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Protein power!

The best meat-free proteins for health

Protein without meat

“It is quite possible to access the full range of amino acids which make up a complete protein through non-animal sources,” says Sian Morgan of Healing Harvest, Kinvara, Co Galway. “You will need a good varied diet consisting of nuts, wholegrains and pulses – these do not need to be consumed in the same meal, but preferably during the same day or so. Unless we are training hard or trying to build muscle for a particular reason, our protein requirements are roughly 56g per day for men and 46g per day for women unless pregnant or breastfeeding when it rises to 71g. A number of current diets place a great stress on the consumption of protein, but it should be relatively easy to reach the levels required on a daily basis through a balanced diet combining a variety of wholefoods.”

Legumes and pulses

“Beans and lentils are sold dried and in tins, and are a versatile source of protein – and also fibre,” says John Halpin of The Health Store in Dundrum. “Butter beans are often added to salads. Kidney beans can be added to a vegetarian chilli made with TVP (soya) mince. Aduki beans can be added to soup.”

Sian Morgan: “Legumes are high in protein although they need to be combined with wholegrains and nuts, though not necessarily in the same meal. For some people, legumes can be tricky to digest and this can lead to flatulence and bloating. A good tip is to pop in a stick of kombu seaweed whilst cooking legumes and pulses. This aids the digestion of the legume whilst also adding a fantastic mineral profile.”

Wholegrains

“Wholegrains are a key component of a non-animal diet,” says Sian Morgan. “They can be used whole as the carbohydrate component of a meal. Flakes can be made into a porridge or used as flours for bread, cakes or pancakes. Examples are millet, buckwheat and quinoa. Quinoa is a particularly important grain as it has a protein profile similar to that of milk and has the highest level of protein of all the grains. Check cooking instructions to remove the bitter coating which needs to be washed or cooked off.”

John Halpin says, “Millet and quinoa are two grains which are both high in protein and also magnesium. Quinoa can be used in salads in place of couscous or in hot dishes in place of rice. Millet and quinoa can be made into a gluten-free porridge.”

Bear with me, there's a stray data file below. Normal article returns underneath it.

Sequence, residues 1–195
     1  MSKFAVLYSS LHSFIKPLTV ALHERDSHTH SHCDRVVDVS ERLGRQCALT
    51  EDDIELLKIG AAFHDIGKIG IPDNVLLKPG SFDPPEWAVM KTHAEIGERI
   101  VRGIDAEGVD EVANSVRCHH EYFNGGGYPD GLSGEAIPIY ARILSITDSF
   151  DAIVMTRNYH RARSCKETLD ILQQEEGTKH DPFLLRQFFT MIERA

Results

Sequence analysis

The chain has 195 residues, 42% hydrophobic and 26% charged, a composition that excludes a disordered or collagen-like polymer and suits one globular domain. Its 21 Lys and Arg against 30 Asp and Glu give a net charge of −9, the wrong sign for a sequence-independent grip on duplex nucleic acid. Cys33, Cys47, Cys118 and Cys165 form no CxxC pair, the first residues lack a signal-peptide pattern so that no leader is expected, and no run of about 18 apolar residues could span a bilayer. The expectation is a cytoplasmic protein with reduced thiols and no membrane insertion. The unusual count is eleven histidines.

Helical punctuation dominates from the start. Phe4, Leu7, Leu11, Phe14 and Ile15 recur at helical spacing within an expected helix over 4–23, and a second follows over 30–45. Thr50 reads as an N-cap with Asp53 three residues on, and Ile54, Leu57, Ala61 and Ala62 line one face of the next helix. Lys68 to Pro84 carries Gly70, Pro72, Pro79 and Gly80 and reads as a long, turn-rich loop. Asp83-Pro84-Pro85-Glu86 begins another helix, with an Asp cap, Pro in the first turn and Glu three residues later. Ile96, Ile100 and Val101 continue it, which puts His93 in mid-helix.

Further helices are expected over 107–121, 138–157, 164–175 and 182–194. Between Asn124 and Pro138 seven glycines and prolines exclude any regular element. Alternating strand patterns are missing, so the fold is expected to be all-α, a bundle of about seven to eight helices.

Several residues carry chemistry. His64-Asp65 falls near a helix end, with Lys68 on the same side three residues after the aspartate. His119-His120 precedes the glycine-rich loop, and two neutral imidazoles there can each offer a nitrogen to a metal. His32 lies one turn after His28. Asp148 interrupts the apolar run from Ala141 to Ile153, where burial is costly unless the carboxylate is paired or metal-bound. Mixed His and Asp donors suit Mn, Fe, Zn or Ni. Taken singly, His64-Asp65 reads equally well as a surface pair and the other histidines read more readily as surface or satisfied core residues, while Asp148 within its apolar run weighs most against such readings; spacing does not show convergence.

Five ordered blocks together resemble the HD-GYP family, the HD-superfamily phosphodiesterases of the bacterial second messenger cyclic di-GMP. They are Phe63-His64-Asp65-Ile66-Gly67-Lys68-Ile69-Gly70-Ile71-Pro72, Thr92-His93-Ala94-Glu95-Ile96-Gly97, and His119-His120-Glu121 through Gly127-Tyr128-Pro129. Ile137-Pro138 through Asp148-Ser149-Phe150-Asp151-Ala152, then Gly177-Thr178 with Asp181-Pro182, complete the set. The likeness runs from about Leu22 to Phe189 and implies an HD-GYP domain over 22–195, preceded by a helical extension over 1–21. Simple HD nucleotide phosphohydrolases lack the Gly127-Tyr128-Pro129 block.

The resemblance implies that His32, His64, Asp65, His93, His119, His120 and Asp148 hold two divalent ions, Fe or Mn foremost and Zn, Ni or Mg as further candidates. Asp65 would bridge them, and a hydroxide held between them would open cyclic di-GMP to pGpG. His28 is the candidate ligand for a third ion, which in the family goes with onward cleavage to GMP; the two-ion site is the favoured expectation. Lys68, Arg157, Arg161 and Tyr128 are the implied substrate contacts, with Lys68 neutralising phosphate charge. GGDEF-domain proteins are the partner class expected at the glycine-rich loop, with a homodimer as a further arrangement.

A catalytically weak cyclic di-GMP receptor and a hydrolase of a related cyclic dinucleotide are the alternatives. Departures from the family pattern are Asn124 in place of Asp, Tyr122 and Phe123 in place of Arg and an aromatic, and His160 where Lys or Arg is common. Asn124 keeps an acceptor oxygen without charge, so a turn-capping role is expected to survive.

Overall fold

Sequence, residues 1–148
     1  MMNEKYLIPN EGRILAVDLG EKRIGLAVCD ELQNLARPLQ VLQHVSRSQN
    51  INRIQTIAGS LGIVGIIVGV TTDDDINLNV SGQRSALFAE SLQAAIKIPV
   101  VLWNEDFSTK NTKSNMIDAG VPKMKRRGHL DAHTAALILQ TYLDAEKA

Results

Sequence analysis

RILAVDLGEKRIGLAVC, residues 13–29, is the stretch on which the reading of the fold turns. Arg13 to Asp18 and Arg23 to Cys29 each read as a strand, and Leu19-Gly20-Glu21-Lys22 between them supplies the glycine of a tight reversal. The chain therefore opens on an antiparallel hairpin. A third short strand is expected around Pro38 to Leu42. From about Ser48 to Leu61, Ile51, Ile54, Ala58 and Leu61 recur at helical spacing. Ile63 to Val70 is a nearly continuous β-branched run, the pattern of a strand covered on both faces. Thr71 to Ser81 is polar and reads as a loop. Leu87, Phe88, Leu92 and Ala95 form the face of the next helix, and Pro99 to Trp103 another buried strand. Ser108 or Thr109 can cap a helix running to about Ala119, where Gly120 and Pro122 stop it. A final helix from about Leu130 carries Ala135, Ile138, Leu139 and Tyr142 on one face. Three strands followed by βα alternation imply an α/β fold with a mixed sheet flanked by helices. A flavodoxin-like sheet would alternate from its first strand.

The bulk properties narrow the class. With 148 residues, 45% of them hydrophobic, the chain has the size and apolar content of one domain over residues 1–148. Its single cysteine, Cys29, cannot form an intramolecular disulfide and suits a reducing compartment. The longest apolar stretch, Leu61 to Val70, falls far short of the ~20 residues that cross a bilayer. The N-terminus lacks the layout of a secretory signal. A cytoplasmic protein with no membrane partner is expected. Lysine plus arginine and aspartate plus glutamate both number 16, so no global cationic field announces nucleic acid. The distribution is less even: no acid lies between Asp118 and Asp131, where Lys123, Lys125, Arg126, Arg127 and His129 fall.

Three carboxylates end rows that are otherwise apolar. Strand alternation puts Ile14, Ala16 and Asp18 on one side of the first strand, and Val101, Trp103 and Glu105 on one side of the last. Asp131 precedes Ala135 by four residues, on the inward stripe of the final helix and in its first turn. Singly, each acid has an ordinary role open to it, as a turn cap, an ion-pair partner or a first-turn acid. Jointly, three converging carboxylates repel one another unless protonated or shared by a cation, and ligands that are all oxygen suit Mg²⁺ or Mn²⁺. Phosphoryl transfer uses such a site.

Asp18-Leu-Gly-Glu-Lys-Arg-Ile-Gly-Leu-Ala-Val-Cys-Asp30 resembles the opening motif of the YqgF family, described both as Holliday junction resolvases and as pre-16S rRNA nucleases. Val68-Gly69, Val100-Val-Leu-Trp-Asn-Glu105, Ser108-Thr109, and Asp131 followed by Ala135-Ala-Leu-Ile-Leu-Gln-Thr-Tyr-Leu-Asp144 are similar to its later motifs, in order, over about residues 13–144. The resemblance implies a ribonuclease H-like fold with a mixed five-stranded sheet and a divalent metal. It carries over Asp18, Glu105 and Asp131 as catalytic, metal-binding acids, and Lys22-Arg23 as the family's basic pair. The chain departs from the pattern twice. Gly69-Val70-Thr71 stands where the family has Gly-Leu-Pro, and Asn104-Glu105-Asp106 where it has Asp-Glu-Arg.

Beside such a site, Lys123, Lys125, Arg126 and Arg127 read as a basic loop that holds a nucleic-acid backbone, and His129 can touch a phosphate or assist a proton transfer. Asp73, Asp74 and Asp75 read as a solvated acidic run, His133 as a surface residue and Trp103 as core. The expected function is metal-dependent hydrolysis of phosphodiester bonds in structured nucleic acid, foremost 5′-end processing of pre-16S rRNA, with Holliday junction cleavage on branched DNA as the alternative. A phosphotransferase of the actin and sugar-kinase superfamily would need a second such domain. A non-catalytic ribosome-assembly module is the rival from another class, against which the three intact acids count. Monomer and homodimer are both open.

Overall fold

Protein powders

“Protein powders include whey, and also vegan proteins such as pea, hemp, rice, soya, all of which can be added to smoothies,” says John Halpin.

“More and more people are looking to protein powders to supplement the protein component of their diet,” says Sian Morgan. “My personal opinion is that, unless someone is an athlete, training hard, or working to create muscle after illness or injury this should not be necessary as they should be able to access adequate, good quality protein from a balanced diet. There are plenty of good quality non-GMO protein powders on the market these days.”

Nuts and seeds

“Nuts and seeds are the third part of the triad, which, when combined, can help create complete proteins,” says Sian Morgan. “They can be eaten as they are, although soaking aids their digestibility, or in the form of nut or seed butters. These foods are also an important provider of minerals such as calcium and essential fatty acids. An example of combining for complete proteins here could be a slice of good wholegrain toast with almond butter.”

John Halpin: “Almonds, brazil nuts and hazelnuts are all high in protein. All can be eaten as mid-meal snacks – either as butters added to crackers, toast or eaten whole. Almond butter goes well added to smoothies.”

Meat substitutes

“Meat substitutes often contain wheat, gluten and/or soy except with some made from a form of mycoprotein, derived from a fungus,” says Sian Morgan. “They can be useful for people making a move to a non-meat diet and for quick dinners, but they are often quite processed and therefore should not provide the mainstay of your protein intake. Someone moving to a meat-free diet should think about changing the basic structure of their meals, rather than simply trying to replace the meat component with something else.”

“Tofu is made from soya bean and is high in protein and also calcium,” says John Halpin. “It comes in different consistencies and has no real taste itself, but absorbs the taste of whatever it is added to or marinated in.”

Green foods

“Microalgae such as spirulina and chlorella as well as products such as wheatgrass and barleygrass can be important sources of protein,” says Sian Morgan. “Gram for gram spirulina is the highest source of protein on the planet. Some people do not like the taste of these products, but they can be used in smoothies so that the flavour is masked but the benefits are still felt.”

“Spirulina is a nutrition-dense seaweed, and has a good protein content along with B vitamins and iron,” agrees John Halpin.

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